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Five low-cost technologies to make your home more energy-efficient


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by Guest blogger, Gisela Campillo


Photo courtesy of Wikimedia Commons, Author, Arvalarva

What exactly is an energy-efficient home? A more efficient home implies a reduced use of energy and other resources, such as water.

How can an energy-efficient home benefit your personal economy and the environment? First, when we reduce the consumption of energy at home, we help to reduce the impact of climate change on a global scale because we produce fewer emissions of greenhouse gases. But that’s not all. We also contribute to a way of life less damaging to the environment and support the sustainability of the limited resources available, be they  water, electricity or gas. A family in an energy-efficient home will most immediately notice, however, a drop in the cost of its consumptions of these products. Logically, consuming less energy means spending a smaller part of the family income to pay for these basic necessities. > Read more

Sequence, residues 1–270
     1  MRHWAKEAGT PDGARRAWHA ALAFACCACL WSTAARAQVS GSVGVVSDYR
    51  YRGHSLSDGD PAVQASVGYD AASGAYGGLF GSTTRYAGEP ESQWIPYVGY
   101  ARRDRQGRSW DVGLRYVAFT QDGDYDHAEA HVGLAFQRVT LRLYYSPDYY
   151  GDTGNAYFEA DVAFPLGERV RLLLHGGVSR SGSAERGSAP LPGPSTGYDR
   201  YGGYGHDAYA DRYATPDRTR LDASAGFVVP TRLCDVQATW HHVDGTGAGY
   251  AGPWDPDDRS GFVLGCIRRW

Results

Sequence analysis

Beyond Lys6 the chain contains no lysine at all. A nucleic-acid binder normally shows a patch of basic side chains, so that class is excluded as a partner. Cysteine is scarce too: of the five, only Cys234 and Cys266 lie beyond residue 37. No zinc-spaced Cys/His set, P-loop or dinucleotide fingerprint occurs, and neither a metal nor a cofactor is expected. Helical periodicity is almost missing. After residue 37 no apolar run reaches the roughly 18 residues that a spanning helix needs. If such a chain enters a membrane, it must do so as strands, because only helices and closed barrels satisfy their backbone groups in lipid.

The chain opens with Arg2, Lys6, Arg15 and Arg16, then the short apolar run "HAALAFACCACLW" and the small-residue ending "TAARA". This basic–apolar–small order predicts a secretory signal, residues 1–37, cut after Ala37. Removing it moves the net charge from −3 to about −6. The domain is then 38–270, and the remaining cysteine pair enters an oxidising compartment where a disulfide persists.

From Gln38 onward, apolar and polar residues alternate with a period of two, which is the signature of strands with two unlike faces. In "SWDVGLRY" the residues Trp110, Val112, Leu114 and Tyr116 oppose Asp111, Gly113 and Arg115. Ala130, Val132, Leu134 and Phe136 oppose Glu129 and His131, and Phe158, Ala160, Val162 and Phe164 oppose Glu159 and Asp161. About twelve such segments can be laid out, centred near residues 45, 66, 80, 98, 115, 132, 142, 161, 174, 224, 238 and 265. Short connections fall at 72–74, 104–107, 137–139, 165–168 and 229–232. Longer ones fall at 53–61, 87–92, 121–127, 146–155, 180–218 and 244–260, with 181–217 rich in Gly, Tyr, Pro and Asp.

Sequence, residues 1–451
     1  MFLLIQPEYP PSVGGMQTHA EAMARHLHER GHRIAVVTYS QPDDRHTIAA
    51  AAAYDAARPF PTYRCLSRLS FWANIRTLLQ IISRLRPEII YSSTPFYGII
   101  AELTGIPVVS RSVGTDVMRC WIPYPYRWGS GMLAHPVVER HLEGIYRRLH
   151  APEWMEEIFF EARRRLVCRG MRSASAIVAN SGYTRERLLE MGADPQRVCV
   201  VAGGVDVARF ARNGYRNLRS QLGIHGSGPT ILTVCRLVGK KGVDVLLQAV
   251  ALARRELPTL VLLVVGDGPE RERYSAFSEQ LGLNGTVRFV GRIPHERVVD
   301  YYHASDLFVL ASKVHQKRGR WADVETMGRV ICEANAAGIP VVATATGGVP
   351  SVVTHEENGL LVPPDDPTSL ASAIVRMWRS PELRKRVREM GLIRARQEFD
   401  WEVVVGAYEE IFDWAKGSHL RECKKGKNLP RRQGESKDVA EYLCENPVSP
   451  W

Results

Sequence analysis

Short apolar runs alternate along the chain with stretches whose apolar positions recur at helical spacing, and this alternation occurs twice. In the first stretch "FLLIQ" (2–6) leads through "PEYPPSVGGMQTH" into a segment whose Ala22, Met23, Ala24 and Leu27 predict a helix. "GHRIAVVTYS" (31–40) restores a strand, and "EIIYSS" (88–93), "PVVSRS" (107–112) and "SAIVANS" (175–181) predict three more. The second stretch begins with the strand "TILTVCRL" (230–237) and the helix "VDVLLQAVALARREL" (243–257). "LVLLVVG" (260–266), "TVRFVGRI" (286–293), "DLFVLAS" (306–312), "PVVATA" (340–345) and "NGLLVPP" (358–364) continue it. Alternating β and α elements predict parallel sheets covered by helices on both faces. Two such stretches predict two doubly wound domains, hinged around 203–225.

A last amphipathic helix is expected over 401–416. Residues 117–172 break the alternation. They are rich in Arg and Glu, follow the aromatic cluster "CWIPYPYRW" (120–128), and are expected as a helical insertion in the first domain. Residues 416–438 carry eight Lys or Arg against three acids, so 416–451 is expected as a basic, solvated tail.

Ensuring a healthy living environment through low-income housing solutions


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By Lucas Hoepel

Fig1Photo credit by Lucas Hoepel, Situation before works have started up

The second Low Income Shelter Program (2259/OC-SU) is supporting the Government of Suriname in improving living conditions of low-income households. This is being achieved either by facilitating access to a new house (core house or core house plus lot) for beneficiaries who can afford a mortgage or by providing funds for housing improvements for those who cannot access mortgage financing. During the program design, it was determined that the need of the households with a maximum per capita income of US$85 would be supported by setting up a new core, or supported by renovating an existing house.